Australian workers have watched world share markets ride a hair raising roller coaster of ups and downs for some time now.
Thousands lost large chunks of their retirement nest eggs during the 2008 Global Financial Crisis and more recently, as the European markets teeter on the brink of uncertainty, many are concerned as to how their savings, shares and super funds will weather this new economic storm.
The one thing these significant changes to the global economic climate have highlighted is that we cannot afford to be complacent about where we stash our hard earned cash for the future.
Rather, it is up to each individual to work out the most secure, stable and effective investment vehicle for their individual needs and then pro-actively build a wealth-generating portfolio, whether it is based on shares or real estate.
My personal preference is for the latter, largely due to the fact that housing has proven itself to be less volatile than shares over time and as such, the banks are much happier to lend you more for property than to dabble in the stock market.
With wild swings in share prices over the past twenty or thirty years causing many to question their reliability when it comes to long term wealth creation, an increasing number of Australians are recognizing the comparative stability and income producing potential of our local, inner city property markets.
Combine our growing interest in bricks and mortar with the tax office changing superannuation regulations back in 2007 so that people can borrow within their own, self managed super funds, and real estate is not surprisingly becoming an increasingly popular super fund cash cow.
In fact recent data from the ATO indicates a 50 per cent increase in property investment activity within SMSF’s since June 2008, and a significant jump of 13 per cent in the past year alone.
Now, not only can you borrow up to 70 per cent (under certain circumstances even up to 80%) of a property’s value to invest in within your SMSF, you can also seek extra funds to make improvements on the residential properties in your SMSF (with some conditions of course and with special emphasis on repair and maintenaince versus improvements).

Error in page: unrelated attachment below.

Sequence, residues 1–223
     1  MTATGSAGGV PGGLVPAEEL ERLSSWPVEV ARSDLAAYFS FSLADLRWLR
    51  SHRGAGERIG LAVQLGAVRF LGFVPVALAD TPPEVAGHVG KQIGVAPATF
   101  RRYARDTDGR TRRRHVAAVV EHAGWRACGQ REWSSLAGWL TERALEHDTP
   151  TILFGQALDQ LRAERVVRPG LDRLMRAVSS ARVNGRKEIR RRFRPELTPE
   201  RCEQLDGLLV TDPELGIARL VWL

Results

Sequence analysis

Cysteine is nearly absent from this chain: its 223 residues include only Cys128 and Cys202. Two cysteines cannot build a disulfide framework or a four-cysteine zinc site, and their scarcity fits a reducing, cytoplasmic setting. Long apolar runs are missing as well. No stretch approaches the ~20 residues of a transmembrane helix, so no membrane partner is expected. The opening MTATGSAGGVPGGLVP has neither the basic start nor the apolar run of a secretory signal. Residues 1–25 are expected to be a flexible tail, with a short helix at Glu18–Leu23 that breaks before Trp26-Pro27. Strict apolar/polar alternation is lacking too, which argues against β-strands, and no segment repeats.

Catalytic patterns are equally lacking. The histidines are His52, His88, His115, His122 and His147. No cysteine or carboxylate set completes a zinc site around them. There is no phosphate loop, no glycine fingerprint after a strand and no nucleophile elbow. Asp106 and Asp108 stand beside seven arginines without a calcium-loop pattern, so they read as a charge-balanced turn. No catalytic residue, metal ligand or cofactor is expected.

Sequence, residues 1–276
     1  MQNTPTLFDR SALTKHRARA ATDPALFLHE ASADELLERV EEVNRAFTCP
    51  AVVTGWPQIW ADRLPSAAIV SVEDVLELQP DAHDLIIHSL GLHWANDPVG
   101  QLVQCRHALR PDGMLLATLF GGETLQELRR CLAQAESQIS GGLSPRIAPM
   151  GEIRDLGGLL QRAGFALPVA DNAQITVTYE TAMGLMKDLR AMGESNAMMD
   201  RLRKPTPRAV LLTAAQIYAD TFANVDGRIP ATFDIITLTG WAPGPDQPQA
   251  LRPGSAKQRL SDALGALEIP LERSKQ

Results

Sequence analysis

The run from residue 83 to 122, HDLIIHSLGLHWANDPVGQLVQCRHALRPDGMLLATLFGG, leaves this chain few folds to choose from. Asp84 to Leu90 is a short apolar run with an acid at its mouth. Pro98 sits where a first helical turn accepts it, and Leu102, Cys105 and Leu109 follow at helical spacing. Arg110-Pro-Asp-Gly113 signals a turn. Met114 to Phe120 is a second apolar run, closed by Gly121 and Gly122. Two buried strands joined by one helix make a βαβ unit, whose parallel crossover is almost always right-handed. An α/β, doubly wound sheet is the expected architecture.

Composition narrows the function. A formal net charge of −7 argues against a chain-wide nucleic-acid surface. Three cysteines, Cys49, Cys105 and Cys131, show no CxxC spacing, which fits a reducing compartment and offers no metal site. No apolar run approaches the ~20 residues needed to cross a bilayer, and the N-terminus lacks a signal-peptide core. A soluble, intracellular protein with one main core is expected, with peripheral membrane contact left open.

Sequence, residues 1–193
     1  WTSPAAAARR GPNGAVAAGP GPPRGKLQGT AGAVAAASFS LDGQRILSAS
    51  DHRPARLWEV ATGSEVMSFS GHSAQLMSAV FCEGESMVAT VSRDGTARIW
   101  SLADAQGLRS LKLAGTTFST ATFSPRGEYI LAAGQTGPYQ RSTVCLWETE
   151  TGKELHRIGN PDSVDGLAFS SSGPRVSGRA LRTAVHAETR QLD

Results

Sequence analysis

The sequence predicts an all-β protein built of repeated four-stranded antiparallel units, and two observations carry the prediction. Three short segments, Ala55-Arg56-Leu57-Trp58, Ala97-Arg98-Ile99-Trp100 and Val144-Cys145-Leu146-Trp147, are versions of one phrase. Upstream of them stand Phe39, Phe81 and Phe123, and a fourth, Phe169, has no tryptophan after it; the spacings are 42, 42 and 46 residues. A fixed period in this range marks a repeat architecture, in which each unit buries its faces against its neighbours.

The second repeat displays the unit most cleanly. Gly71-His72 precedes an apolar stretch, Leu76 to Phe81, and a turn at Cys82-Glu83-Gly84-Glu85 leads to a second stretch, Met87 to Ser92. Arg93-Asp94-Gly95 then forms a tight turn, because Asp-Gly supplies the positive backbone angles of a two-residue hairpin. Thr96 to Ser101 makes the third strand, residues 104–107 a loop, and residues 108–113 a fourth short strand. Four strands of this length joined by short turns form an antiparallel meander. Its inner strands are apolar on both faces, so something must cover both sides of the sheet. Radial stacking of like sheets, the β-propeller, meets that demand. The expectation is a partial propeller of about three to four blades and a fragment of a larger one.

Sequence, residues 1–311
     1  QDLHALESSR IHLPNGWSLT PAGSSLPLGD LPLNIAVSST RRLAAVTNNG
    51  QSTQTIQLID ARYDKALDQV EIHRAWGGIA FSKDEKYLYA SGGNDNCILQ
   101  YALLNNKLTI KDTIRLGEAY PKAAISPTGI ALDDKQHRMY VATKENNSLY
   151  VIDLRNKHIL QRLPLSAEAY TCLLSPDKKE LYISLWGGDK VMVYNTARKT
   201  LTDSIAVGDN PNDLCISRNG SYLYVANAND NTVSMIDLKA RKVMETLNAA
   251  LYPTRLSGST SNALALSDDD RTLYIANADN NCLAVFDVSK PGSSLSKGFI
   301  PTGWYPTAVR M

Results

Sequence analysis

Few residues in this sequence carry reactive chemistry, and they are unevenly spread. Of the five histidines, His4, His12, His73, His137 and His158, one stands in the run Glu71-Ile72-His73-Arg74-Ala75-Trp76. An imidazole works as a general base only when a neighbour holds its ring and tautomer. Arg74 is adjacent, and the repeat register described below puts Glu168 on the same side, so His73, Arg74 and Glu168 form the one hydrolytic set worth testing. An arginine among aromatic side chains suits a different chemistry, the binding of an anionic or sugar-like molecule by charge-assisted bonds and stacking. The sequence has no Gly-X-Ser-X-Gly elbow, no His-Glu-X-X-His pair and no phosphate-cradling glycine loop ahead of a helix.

More Australians are recognizing the benefits of property as a strong, stable asset base for their super funds, given its ability to generate excellent returns and capital gains over the long term.
That being said, this strategy is not something you can simply run with, unless you have the financial capacity within your super fund and have received good, independent advice from a properly qualified financial planner.
So what are the main advantages and disadvantages of taking this tact when it comes to building your own retirement nest egg?
• Control – you have complete control over your SMSF rather than entrusting your future financial wellbeing to a complete stranger, who will take your hard earned cash and invest it in shares and managed funds that may or may not perform.
• Tax savings – If you buy and hold the property within your fund until you retire and your super goes into the pension phase, you will be exempt from paying either capital gains tax if you sell the investment, or income tax on any rental income should you decide to hang onto it. Before you retire, any capital gains or rental income generated by your SMSF are taxed at a rate of 15 per cent, or 10 per cent CGT is applicable if you hold onto the property for over a year.
• You will have a diversified super portfolio that is not reliant on just one investment vehicle, meaning you will have better financial security for the future.
• The cost! This can add up to tens of thousands of dollars in establishment costs and sometimes there will be higher fees involved in borrowing to buy property through your SMSF.
• The confusion. There’s no denying that managing your own super fund can be a minefield of complicated rules and regulations. Get something wrong and you could end up paying hefty penalties. Of course, you can pay a professional to manage it on your behalf and this is something I would strongly advise anyone with a SMSF to do – whether they’re buying real estate or not!
• You have to have the cash to do it. This is not a strategy for someone with a small amount of cash in his or her super fund.
Basically, unless you have $170,000 or more available funds in your SMSF and are still contributing to your SMSF, the banks may not be willing to lend money to your SMSF.
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